Cargo Hook

Cargo Hook

Usage conditions apply
Downloads
Description
Hand-held cargo hooks were the indispensable tools of longshoremen working on conventional (non-containerized) freighters. In the course of loading and discharging cargo they needed to grab, lift, and move various types and sizes of bags, boxes, and bales. The hooks, held firmly in a gloved hand, extended their reach and helped them lift heavy items. Most longshoremen owned several different types of hooks for moving different materials—from burlap sacks to wooden boxes—and altered the handles to suit their grip.
This cargo hook, made by a Latino blacksmith named Ortega in San Pedro, CA, was the owner’s favorite for lifting various types of bulk cargo. Its handle is well worn and the forged iron hook is stamped with the name “ORTEGA.” Donor Herb Mills used this hook during his career as a longshoreman in San Francisco. Mills was a member of Local 10 of the ILWU—the International Longshore and Warehouse Union—from 1963 to 1992.
Object Name
Cargo Hook
date made
ca 1960
used date
ca 1960-1990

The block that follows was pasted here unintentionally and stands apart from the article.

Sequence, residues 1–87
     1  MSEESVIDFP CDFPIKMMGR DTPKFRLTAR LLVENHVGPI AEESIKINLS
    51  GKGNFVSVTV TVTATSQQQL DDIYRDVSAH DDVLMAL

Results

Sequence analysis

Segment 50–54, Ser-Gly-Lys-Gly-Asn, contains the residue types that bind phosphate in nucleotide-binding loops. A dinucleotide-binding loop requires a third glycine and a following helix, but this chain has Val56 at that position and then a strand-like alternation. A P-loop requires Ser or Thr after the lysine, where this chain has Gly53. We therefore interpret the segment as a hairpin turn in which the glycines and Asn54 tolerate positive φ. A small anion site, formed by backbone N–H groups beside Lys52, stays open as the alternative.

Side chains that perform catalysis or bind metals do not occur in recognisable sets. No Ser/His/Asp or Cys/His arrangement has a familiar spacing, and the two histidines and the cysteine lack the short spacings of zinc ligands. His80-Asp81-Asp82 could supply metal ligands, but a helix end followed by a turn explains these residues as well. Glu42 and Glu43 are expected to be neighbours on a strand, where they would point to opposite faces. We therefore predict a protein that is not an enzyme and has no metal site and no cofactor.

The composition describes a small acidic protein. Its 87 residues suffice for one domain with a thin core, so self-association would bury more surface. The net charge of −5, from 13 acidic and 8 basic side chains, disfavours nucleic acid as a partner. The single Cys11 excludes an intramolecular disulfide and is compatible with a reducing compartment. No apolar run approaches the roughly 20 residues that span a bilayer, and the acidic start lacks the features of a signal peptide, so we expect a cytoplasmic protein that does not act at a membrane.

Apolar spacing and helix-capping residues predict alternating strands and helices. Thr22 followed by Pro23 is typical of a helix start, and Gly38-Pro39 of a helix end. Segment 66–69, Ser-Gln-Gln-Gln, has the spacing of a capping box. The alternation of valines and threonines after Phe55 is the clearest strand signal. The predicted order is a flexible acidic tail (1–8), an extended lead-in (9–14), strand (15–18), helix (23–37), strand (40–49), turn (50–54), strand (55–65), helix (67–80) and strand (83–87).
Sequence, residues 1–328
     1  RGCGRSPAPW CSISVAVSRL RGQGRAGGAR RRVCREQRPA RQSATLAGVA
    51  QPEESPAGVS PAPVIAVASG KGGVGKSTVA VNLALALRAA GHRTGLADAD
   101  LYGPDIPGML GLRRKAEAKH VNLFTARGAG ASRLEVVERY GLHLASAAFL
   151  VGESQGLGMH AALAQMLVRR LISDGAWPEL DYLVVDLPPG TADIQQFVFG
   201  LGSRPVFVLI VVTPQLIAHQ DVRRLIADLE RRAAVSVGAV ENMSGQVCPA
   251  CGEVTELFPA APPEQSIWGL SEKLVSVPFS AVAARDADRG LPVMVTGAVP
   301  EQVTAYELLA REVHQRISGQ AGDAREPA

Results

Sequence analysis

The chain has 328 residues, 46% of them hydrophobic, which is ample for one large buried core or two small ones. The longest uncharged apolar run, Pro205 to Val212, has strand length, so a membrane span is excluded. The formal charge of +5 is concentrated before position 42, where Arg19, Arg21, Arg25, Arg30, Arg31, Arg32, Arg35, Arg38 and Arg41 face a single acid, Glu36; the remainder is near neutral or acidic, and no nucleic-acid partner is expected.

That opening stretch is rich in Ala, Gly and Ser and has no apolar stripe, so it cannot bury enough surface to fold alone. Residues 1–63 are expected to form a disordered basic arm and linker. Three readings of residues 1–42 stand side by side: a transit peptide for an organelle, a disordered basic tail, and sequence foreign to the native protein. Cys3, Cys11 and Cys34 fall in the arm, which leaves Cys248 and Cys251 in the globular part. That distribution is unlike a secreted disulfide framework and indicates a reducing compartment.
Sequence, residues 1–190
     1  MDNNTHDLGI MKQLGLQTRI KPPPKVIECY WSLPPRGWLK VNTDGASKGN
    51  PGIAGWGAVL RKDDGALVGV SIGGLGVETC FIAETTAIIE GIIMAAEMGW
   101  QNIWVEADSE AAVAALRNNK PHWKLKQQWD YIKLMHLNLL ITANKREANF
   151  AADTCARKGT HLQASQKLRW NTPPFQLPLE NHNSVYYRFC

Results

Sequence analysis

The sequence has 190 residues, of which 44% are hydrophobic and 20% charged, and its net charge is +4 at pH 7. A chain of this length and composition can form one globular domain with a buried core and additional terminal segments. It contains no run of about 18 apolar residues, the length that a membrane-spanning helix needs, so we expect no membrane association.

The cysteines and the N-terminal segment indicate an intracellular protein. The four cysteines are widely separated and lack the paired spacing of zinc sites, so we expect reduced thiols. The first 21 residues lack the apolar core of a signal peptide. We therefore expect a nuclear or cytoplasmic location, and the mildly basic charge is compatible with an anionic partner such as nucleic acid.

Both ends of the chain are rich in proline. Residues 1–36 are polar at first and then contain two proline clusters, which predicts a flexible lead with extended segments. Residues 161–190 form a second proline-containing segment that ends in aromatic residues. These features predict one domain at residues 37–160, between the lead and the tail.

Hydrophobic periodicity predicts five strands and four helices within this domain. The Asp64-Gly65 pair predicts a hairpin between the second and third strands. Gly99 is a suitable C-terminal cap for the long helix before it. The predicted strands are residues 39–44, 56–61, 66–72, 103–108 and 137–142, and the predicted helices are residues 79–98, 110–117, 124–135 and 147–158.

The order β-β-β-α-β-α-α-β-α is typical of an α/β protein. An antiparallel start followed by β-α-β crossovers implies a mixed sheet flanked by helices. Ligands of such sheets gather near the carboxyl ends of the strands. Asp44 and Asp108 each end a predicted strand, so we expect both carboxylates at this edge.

Associated Place
United States: California, San Francisco
Measurements
overall: 27 cm x 11.5 cm x 9.5 cm; 10 5/8 in x 4 1/2 in x 3 3/4 in
ID Number
2002.0026.05
accession number
2002.0026
catalog number
2002.0026.05
Credit Line
Gift of Herbert A. Mills
See more items in
Work and Industry: Maritime
Work
America on the Move
Transportation
Exhibition
America On The Move
Exhibition Location
National Museum of American History
Data Source
National Museum of American History
Nominate this object for photography.   

Our collection database is a work in progress. We may update this record based on further research and review. Learn more about our approach to sharing our collection online.

If you would like to know how you can use content on this page, see the Smithsonian's Terms of Use. If you need to request an image for publication or other use, please visit Rights and Reproductions.

Comments

Add a comment about this object